A perspective view of an illustrative button member for button controller 22 is shown in FIG. 12. As shown in FIG. 12, button member 30 may have a frame structure 108 and button structure 106. Button structure 106 and frame member 108 may be formed as a single unitary piece of material (e.g., using metal, plastic, or other suitable materials). In the example shown in FIG. 12, button structure 106 and button frame member 108 are formed from separate materials. Frame 108 may be formed from metal or other materials and may have holes 64 that engage tabs 72 on dome switches 70. Button structure 106 serves as a button cover and may be formed from plastic, metal, or other materials. With one suitable arrangement, frame 108 is formed from metal and button structure 106 is formed from plastic (e.g., a thermoplastic) that is molded onto frame 108.
 Button structure 106 may have grooves 112 and frame 108 may have notches 110. These recessed portions of structures 106 and 108 may be interposed between respective buttons (i.e., between button 28 and 26 and between button 26 and 24). Because there is less material in button member 30 in the vicinity of grooves 112 and notches 110, button member 30 exhibits enhanced flexibility in these thinned regions. This enhanced flexibility helps to isolate the buttons from each other, so that only a desired button flexes when pressed by a user.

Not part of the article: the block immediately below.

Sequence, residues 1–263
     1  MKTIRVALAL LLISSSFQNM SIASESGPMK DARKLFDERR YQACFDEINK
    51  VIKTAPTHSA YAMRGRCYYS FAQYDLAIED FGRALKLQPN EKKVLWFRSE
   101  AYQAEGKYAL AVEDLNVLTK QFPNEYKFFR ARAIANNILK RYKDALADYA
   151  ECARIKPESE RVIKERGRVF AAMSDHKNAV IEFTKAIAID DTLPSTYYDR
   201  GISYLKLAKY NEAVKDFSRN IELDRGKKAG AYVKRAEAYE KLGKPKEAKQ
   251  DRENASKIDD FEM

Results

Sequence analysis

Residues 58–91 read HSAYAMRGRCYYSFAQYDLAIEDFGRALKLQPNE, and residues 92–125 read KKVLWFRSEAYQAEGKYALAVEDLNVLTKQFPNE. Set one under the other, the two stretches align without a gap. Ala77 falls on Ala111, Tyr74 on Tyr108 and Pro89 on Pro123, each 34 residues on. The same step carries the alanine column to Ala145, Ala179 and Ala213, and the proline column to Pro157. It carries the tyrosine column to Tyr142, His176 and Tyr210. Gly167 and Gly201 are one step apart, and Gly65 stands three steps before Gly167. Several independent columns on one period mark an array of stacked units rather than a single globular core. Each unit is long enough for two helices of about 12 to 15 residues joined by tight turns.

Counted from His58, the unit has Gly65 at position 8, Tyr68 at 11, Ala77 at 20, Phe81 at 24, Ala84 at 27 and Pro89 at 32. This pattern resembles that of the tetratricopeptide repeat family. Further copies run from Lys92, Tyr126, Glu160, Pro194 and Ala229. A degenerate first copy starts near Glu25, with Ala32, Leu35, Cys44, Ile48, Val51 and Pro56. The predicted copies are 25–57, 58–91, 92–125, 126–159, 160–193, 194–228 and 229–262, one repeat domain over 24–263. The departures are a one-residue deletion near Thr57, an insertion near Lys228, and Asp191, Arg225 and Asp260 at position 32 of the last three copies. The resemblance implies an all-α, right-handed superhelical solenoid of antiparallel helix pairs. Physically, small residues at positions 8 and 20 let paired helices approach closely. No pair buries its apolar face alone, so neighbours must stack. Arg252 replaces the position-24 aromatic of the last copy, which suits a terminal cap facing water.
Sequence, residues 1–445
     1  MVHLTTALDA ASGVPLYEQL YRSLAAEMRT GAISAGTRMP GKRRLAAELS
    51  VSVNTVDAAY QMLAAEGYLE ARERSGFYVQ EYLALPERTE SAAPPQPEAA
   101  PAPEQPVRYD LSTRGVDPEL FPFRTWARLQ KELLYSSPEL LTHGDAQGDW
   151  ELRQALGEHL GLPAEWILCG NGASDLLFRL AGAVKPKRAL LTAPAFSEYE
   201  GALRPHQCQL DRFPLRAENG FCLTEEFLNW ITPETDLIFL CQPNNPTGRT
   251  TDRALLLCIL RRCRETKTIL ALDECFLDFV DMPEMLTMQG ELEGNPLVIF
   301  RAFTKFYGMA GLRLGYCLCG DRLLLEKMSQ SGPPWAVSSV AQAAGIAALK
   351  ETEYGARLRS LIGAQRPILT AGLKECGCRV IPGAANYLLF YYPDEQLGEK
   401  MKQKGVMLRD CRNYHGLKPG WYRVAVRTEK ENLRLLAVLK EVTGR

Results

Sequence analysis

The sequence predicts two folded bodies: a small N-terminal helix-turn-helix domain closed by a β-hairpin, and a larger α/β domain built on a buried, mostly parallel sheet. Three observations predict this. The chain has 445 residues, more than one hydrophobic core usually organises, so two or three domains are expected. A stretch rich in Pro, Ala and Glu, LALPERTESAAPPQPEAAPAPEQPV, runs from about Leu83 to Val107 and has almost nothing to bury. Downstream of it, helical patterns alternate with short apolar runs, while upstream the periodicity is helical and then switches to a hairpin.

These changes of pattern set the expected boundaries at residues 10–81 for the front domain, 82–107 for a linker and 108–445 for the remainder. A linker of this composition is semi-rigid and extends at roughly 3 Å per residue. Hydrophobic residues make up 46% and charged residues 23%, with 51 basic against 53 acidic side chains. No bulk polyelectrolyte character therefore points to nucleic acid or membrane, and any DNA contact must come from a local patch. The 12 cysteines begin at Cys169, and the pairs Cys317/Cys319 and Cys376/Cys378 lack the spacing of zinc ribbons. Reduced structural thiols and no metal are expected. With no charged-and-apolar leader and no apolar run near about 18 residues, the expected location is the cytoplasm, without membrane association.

An interior portion of button controller assembly 22 is shown in FIG. 13. In the example of FIG. 13, button controller structures 114 are of the type that are configured to mate with button member 30 of FIG. 12. Structures 114 include three dome switches: switch 70A, switch 70B, and switch 70C. Each dome switch may have associated tabs 72 that extend laterally outward for engagement with holes 64 in frame 108 (FIG. 12). Support structure 116 may be formed from plastic, metal, printed circuit board material, or other suitable materials. With one suitable arrangement, structure 116 and the housings of switches 70A, 70B, and 70C are formed from a single unitary piece of plastic (i.e., structure 116 may be a dome switch housing member). Opening 120 may be used to accommodate housing 40 of microphone 34 (e.g., microphone 34 of FIG. 3) and other circuitry and components for button controller assembly 22.
 Button controller structures 114 may sometimes be referred to herein as a low profile switch assembly and a small form factor switch assembly (e.g., relative to audio cable 20 and the average size of a user's finger). Support structure 116 may form an enclosure for the electrical components associated with switches 70A, 70B, and 70C. Instead of having structure 116 only support discrete and self-contained switches, switches 70A, 70B, and 70C may be built into a single body such as structure 116 (sometimes referred to as a unitary switch body (e.g., the switches may be integrated in, embedded in, integral with, molded in, or internally disposed within structure 116). Structure 116 may be referred to herein as a unitary switch body (e.g., a single piece of material such as a single piece of molded plastic having integral switches 70A, 70B, and 70C. This type of arrangement may help to reduce the number of components in a switch assembly (which may facilitate building smaller switch assemblies and which may also facilitate manufacturing of the switch assemblies by reducing the number of components).